A few years ago, I went through an officer training program to eventually become an Air Force chaplain. The training involved physical activity, as one might expect, but it also included leadership classes. These classes taught that leaders need to be honest and humble and show humanity, and that good leaders recognize and utilize their team members’ strengths and delegate tasks appropriately.
I saw this as a great place to start in understanding leadership; but I was and am especially grateful for the idea Christian Science brings out that true leadership is about following God. As we humbly listen to God and learn more of our true nature as the spiritual offspring of God, then we better reflect the qualities of God’s leading in our lives. These qualities include trustworthiness, strength, mercy, wisdom, and grace.
During my officer training, my flight commander repeatedly told me that I was not a good leader. After the training was complete, my fellow chaplain candidates and I traveled to six bases over the course of seven weeks to engage in more specific chaplain training, where I was unexpectedly appointed leader of a flight of 14 people.
On my first day as flight leader, I asked a fellow member of my flight to do something. Another individual cut in and said that it didn’t actually need to be done. I seemed to be in a battle of wills. I later received advice that I would need to be tougher and show domination in order to lead effectively, but that just didn’t feel right to me.
That evening, I called an experienced Christian Science military chaplain for support. He reminded me that we can allow leadership to be defined by God rather than by human concepts. Jesus was outstanding at bringing out the best in his followers, but it was never by putting others down and dominating them, or trying to force them to be obedient. Jesus lived according to his deep communion with God, which enabled him to heal and lift people out of discouragement, fear, disease, and pain. The Christian Science chaplain encouraged me to demonstrate generosity, honesty, and love for my flight members.
In the textbook of Christian Science, “Science and Health with Key to the Scriptures,” Mary Baker Eddy lists a number of moral and spiritual qualities that could be applied to leadership (see pp. 115-116). The moral qualities move thought away from materialistic qualities that drag a person down; they are listed as “humanity, honesty, affection, compassion, hope, faith, meekness, temperance.” These qualities, in turn, lead one higher to express spiritual qualities that in reality make up everyone’s true nature as God’s creation, such as “wisdom, purity, spiritual understanding, spiritual power, love, health, holiness.”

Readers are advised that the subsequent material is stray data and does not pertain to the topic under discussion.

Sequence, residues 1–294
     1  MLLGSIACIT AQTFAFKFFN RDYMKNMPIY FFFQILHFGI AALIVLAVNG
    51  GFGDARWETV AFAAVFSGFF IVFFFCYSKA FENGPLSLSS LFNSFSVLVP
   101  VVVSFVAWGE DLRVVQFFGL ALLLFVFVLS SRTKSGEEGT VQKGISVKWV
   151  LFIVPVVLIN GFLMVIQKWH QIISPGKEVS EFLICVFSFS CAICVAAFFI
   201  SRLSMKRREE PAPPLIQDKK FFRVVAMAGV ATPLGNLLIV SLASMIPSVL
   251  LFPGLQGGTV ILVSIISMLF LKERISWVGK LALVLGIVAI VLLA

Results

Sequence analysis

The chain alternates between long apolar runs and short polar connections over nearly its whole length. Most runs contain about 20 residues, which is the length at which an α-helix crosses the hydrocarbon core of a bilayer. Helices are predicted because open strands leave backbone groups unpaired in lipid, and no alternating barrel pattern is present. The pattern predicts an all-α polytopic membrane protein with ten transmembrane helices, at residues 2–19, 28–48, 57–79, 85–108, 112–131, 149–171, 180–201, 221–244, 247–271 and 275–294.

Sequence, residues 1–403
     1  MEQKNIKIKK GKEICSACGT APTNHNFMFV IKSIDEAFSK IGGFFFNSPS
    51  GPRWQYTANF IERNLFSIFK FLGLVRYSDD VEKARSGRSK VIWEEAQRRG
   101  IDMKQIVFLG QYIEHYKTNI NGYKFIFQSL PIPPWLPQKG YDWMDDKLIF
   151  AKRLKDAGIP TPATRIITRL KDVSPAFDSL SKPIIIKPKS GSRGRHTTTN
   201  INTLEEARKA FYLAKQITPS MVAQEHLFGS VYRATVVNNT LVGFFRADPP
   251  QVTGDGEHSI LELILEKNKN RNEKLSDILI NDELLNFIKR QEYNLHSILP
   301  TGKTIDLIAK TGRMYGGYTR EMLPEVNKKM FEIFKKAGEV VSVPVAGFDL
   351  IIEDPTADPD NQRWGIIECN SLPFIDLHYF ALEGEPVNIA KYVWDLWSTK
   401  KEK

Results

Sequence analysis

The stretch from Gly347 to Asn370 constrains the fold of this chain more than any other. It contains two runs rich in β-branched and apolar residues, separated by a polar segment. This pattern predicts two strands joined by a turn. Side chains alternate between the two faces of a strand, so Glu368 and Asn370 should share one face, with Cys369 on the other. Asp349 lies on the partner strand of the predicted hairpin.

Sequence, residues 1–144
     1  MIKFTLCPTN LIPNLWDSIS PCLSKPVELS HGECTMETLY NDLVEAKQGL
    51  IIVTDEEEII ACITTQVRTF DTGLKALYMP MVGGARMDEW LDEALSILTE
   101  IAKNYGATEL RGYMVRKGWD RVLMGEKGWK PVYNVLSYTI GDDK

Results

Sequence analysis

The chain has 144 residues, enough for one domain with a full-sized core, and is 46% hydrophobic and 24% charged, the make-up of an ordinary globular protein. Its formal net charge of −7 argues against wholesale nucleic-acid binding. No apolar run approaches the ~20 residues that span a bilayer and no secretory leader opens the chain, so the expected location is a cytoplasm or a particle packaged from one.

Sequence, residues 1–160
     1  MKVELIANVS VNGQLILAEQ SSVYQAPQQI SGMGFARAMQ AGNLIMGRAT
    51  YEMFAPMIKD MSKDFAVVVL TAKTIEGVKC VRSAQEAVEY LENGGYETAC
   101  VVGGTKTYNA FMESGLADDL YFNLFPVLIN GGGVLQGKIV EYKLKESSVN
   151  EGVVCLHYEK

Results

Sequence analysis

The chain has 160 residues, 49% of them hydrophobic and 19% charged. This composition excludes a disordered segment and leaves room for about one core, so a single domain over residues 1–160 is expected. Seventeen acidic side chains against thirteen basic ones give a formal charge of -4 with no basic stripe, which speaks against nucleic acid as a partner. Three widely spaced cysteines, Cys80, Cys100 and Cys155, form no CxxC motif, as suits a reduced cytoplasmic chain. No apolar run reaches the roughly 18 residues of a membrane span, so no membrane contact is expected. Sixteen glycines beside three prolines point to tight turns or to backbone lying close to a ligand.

The expression of spiritual qualities, inspired by the understanding that everyone has a God-given nature to express them, can, by example, nourish others’ growth and help give shape to their desire to be of service to others.
For the first week, I gathered all 14 of my flight members together every morning and told them that I understood how tough a summer it was for us all, but added that I would work for each individual’s success throughout the training and was available for support any time they needed it. I offered an inspired idea to think about for the day and communicated clearly our leadership’s expectations for us.
What looked on the first day like the most disorganized and conflicted flight very quickly became the strongest and most supportive group of chaplain candidates, able to handle and resolve all kinds of challenges. At the end of the summer, I won a flight leadership award, and I am happy that nearly all of those 14 individuals have now gone on, successfully, to become chaplains.
By choosing to follow God, through honest, consecrated prayer and listening humbly to God, we naturally begin to reflect spiritual qualities such as strength and trustworthiness. In my case, following God meant not letting the prevailing human theories convince me that domination or weakness were my only two options for how to go forward as a leader. Praying, listening to, and following God and His Christ, Truth, enables us to demonstrate loving, inspired, grace-filled leadership.
Adapted from an article published in the Feb. 2018 issue of The Christian Science Journal.